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Clinical Trial
. 2018 Apr 27;18(1):476.
doi: 10.1186/s12885-018-4353-2.

The Effects of Short-Term Fasting on Quality of Life and Tolerance to Chemotherapy in Patients With Breast and Ovarian Cancer: A Randomized Cross-Over Pilot Study

Free PMC article
Clinical Trial

The Effects of Short-Term Fasting on Quality of Life and Tolerance to Chemotherapy in Patients With Breast and Ovarian Cancer: A Randomized Cross-Over Pilot Study

Stephan P Bauersfeld et al. BMC Cancer. .
Free PMC article


Background: This pilot trial aimed to study the feasibility and effects on quality of life (QOL) and well-being of short-term fasting (STF) during chemotherapy in patients with gynecological cancer.

Methods: In an individually-randomized cross-over trial patients with gynecological cancer, 4 to 6 planned chemotherapy cycles were included. Thirty-four patients were randomized to STF in the first half of chemotherapies followed by normocaloric diet (group A;n = 18) or vice versa (group B;n = 16). Fasting started 36 h before and ended 24 h after chemotherapy (60 h-fasting period). QOL was assessed by the FACIT-measurement system.

Results: The chemotherapy-induced reduction of QOL was less than the Minimally Important Difference (MID; FACT-G = 5) with STF but greater than the MID for non-fasted periods. The mean chemotherapy-induced deterioration of total FACIT-F was 10.4 ± 5.3 for fasted and 27.0 ± 6.3 for non-fasted cycles in group A and 14.1 ± 5.6 for non-fasted and 11.0 ± 5.6 for fasted cycles in group B. There were no serious adverse effects.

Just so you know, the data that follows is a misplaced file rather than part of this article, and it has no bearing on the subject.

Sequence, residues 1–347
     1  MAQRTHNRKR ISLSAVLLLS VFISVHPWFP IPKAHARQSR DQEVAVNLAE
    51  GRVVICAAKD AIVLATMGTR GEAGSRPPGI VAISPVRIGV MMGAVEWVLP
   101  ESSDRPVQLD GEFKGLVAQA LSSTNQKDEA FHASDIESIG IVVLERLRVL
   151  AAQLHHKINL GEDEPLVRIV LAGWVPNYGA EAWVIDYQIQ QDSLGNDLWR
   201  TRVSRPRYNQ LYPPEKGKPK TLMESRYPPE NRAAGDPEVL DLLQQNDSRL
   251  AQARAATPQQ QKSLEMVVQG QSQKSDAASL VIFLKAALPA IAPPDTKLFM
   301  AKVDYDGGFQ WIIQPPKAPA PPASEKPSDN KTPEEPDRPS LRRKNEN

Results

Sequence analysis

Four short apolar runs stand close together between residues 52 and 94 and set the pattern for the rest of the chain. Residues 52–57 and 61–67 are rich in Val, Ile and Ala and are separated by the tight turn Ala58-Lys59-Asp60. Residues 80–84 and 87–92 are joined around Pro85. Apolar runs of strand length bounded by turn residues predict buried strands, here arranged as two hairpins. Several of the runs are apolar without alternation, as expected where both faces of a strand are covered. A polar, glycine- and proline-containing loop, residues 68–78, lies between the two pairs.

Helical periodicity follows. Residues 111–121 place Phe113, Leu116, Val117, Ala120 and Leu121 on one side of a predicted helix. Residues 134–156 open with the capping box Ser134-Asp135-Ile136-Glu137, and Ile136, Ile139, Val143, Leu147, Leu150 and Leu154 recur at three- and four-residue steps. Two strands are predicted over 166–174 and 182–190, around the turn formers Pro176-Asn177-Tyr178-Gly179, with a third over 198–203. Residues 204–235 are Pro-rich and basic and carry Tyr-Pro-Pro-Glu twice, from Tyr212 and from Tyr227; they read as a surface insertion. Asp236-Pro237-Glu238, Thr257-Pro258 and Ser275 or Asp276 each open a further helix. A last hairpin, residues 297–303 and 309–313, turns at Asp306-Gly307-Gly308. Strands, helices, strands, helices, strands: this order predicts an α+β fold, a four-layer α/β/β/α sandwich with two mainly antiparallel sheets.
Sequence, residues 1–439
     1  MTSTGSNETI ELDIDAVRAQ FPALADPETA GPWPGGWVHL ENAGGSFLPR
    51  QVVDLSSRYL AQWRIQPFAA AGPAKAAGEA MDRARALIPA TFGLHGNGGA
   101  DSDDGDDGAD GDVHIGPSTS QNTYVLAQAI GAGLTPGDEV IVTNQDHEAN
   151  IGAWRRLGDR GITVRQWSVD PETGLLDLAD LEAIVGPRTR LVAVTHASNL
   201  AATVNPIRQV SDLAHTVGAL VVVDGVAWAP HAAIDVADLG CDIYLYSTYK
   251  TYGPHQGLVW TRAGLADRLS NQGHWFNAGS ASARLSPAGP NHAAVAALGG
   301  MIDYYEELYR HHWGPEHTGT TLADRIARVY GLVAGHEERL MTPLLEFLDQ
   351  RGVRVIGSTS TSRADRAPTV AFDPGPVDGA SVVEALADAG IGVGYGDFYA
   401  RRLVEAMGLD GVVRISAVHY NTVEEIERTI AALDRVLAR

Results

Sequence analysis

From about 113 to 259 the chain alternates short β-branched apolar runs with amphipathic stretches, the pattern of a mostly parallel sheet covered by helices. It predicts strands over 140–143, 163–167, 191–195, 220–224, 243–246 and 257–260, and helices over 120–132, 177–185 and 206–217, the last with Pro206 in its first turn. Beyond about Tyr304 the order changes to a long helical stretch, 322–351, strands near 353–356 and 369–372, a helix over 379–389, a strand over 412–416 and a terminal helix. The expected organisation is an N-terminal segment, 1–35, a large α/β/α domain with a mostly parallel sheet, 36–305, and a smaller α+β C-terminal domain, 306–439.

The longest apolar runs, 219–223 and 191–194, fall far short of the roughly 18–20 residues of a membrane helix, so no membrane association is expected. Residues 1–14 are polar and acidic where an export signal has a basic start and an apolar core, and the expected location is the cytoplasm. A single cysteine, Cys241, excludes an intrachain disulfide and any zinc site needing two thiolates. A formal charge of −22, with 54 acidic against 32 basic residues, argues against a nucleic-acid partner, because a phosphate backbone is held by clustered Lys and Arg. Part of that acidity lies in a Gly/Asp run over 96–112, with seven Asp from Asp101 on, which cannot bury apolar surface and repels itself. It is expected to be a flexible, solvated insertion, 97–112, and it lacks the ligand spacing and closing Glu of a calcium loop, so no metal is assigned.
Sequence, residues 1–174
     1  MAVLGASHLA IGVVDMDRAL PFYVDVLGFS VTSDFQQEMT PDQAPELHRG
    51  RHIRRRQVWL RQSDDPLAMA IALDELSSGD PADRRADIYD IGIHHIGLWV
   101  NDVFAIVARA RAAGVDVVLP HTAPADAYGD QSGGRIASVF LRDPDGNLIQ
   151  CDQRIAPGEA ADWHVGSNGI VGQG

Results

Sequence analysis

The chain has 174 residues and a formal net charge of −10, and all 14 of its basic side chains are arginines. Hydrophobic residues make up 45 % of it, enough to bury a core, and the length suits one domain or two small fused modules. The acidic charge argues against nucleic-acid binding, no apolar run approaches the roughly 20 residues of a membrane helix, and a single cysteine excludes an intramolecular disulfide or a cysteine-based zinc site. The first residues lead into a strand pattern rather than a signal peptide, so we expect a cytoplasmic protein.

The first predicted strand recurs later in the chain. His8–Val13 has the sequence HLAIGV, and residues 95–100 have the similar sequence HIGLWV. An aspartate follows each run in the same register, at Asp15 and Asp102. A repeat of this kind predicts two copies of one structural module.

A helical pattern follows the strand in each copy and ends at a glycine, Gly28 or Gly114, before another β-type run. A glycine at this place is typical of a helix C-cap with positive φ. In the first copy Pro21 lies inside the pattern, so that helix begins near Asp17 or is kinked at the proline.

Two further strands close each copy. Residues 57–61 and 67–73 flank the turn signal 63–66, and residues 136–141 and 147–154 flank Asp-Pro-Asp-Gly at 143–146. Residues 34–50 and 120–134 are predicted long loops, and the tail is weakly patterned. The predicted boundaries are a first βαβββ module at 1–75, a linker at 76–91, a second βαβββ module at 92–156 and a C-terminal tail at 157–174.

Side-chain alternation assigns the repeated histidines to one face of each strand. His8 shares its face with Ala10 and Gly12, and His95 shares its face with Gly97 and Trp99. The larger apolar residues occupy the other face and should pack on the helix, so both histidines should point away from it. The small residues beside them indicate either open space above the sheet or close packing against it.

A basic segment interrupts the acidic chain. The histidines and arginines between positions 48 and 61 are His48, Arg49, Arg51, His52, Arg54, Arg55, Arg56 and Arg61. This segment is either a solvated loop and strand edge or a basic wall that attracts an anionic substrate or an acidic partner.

Conclusion: STF during chemotherapy is well tolerated and appears to improve QOL and fatigue during chemotherapy. Larger studies should prove the effect of STF as an adjunct to chemotherapy.

Trial registration: This trial was registered at NCT01954836 .

Keywords: Breast cancer; Chemotherapy; Fasting; Ovarian cancer; Pilot study; Quality of life.

Conflict of interest statement

Ethics approval and consent to participate

The study protocol was reviewed and approved by the Ethics Committee of the Charité-University Medical Center, Berlin EA4/088/13. All study participants gave their written informed consent.

Competing interests

The authors declare that they have no competing interests.

Publisher’s Note

Springer Nature remains neutral with regard to jurisdictional claims in published maps and institutional affiliations.


Fig. 1
Fig. 1
Study flow chart
Fig. 2
Fig. 2
a: Pretest values at cycles (C1-C6) in FACIT-F(FS), FACIT-F, FACIT-F TOI, FACT-G, and Total FACIT-F, Group A, Day 0. b: Pretest values at cycles (C1-C6) FACIT-F(FS), FACIT-F, FACIT-F TOI, FACT-G, and Total FACIT-F Group B, Day 0
Fig. 3
Fig. 3
FACT-G Forest plot of mean difference. a) Group A (pretest – day 8, cycles c1-c3 = fasting). b) Group B (pretest – day 8 (cycles c1-c3 = normocaloric). c) Group B (pretest(c4) – day 8, cycles c4-c6 = fasting) and d) Group A (pretest(c4) – day 8, cycles c4-c6 = normocaloric)

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